Throughout the world, access to safe drinking water is the most critical element of sustained good health. Clean Water focuses on the highly successful efforts of one humanitarian organization, East Meets West, to bring safe drinking water to rural communities in Vietnam -- led by staff member Richard Brogdon, a Vietnam war veteran who has special reason to help the local Vietnamese community.
The Advance Market Commitment scheme, formulated by the GAVI Alliance, aims to provide more vaccines to the developing world by fixing their price over a 10-year period. Is it going to deliver, what will be the result, and how did global health institutions and the big pharmaceutical companies manage to agree on such a deal?
What impact are the Millennium Development Goals having on inhabitants of Kibera, a massive shantytown in Kenya? This film about local midwife Silva Adhiambo examines some of the tensions that exist between aid organizations and the people they are trying help.
Alleviating poverty is more guesswork than science, and lack of data on aid's impact raises questions about how to provide it. But Clark Medal-winner Esther Duflo says it's possible to know which development efforts help and which hurt—by testing solutions with randomized trials.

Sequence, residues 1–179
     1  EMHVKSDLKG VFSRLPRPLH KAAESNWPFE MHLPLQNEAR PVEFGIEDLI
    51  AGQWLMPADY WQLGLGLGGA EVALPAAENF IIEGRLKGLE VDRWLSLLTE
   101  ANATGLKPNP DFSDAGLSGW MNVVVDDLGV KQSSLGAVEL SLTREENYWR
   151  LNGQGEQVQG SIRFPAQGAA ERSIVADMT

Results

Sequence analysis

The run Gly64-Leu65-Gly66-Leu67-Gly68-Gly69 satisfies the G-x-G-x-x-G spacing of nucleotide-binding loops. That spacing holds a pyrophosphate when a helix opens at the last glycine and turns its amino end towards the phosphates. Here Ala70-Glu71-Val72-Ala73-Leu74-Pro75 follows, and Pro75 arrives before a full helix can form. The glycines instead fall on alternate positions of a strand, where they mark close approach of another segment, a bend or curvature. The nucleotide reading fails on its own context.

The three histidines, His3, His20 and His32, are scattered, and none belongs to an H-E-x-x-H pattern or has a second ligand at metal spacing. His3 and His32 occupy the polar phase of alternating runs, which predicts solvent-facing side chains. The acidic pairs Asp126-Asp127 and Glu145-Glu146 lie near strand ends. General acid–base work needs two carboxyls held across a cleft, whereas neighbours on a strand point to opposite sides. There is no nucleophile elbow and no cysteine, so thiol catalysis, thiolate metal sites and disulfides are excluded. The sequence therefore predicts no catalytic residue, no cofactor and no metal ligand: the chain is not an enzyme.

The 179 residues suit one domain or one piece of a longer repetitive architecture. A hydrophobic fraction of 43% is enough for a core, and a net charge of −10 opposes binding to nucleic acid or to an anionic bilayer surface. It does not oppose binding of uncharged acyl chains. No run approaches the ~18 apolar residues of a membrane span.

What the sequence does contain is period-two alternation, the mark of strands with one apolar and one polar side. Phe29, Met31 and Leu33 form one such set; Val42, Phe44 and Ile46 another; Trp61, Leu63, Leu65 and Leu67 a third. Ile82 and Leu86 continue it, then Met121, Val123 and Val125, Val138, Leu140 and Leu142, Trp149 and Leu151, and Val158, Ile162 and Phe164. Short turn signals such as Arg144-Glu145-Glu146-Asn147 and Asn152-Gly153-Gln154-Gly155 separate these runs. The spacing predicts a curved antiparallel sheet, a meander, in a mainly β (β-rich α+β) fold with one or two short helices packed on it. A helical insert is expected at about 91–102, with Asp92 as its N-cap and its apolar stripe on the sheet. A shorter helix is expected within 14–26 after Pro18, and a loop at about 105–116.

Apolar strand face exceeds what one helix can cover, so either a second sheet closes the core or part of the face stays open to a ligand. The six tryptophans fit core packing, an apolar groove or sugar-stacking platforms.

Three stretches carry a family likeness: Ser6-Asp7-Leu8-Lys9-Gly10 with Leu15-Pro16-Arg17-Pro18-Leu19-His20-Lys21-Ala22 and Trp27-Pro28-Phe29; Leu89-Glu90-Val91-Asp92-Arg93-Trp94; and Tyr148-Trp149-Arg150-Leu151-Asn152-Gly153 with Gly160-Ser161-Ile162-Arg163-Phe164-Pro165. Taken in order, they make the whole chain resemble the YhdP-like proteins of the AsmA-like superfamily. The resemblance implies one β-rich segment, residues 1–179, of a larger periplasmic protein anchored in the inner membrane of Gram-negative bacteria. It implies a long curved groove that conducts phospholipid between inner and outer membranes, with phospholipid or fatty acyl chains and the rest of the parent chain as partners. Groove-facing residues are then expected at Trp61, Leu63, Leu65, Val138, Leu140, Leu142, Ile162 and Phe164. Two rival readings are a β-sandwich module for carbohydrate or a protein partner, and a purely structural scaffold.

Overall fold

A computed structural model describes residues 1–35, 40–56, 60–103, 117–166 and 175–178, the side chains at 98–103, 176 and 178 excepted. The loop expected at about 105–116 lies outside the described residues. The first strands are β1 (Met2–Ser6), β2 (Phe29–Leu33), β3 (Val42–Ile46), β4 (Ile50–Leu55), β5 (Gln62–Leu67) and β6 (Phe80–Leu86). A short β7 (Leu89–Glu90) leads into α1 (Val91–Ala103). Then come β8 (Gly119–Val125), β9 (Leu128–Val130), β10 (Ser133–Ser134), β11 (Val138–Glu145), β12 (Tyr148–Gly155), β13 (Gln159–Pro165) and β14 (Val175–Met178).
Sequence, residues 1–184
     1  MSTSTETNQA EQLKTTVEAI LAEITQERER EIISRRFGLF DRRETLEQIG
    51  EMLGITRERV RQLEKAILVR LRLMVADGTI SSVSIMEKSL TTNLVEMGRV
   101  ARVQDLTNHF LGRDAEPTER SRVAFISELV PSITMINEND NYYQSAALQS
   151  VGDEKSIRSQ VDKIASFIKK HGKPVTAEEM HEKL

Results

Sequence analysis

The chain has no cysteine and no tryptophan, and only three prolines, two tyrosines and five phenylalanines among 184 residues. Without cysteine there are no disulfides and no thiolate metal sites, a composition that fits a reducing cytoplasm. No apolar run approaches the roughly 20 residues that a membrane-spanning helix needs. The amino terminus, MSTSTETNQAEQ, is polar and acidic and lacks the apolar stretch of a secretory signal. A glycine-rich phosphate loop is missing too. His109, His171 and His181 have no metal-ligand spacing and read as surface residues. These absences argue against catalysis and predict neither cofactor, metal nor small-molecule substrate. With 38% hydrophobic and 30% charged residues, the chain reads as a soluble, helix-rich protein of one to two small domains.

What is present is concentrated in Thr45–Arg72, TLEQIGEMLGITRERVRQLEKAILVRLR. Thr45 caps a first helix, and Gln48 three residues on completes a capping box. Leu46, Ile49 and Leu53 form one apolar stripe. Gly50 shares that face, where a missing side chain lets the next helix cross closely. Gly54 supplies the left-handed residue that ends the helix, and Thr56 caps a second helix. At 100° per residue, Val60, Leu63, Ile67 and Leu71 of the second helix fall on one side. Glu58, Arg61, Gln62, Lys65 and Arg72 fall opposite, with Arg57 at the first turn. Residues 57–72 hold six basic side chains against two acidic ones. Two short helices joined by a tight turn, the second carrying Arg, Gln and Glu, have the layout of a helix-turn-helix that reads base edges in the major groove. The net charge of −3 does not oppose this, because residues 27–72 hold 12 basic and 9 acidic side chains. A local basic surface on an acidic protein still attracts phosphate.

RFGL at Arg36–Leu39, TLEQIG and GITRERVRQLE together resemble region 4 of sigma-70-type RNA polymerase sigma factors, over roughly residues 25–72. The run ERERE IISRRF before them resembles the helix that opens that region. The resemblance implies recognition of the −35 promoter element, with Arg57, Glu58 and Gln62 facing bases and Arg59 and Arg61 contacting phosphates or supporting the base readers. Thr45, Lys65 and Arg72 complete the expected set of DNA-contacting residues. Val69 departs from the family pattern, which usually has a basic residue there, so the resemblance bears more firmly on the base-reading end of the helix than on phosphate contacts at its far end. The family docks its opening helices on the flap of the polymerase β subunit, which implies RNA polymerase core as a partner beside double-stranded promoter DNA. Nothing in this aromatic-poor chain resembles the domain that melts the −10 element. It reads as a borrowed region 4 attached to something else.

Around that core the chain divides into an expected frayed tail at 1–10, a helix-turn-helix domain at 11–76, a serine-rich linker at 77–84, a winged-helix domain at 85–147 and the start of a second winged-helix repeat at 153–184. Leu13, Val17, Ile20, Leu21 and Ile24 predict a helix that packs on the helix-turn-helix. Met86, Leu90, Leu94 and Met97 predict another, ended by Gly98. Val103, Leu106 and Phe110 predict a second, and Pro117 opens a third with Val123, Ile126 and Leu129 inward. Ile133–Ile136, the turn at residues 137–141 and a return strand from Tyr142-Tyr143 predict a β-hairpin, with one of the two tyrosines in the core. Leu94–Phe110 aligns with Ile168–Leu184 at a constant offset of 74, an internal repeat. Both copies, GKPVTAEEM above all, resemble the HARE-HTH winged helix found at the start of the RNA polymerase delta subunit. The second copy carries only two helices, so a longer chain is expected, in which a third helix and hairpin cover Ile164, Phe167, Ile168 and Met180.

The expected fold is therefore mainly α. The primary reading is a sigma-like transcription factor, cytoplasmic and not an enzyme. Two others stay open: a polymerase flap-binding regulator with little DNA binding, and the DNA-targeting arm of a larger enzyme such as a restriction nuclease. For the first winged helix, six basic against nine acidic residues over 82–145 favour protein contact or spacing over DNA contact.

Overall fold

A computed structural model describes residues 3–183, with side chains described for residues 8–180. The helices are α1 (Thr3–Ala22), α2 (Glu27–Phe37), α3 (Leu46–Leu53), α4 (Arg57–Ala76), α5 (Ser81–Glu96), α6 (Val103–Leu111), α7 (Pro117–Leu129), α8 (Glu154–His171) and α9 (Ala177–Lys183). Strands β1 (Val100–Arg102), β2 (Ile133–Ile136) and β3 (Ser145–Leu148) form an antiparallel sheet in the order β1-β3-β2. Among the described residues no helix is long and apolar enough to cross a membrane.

Kids in developing countries need vaccines, but will the world's wealthy financial markets really help to deliver them? A deal brokered by former British Prime Minister Gordon Brown has so far raised nearly $2 billion for just that purpose. It's called the International Finance Facility for Immunisation (IFFIm), and author Aminatta Forna wants to know how it works.
Cervical cancer kills more than half a million women worldwide every year, and is the leading cause of female cancer deaths in the developing world. New low-tech screening programs have begun to reduce cancer deaths but campaigners like Sarah Nyombi, a politician in Uganda, want to see more.
Can risk management techniques from global financial markets help people in the developing world avoid the worst effects of famine? The World Food Programme's new director of business planning thinks this approach could revolutionize the aid industry.
Can anyone make the world a better place? Californian schoolgirl Avery Hale certainly thinks so. She started the Step by Step organization when she was just 13 years old, to distribute unwanted shoes to people who need them in developing countries.
Halting the destruction of Amazonian rainforest isn't Brazil's only battle in the fight against climate change. The country is also working hard to eliminate CFC gases that not only harm the ozone layer, but are also much more harmful to the atmosphere then CO2. UNDP is helping the Brazilian government to safely extract and dispose of this harmful chemical.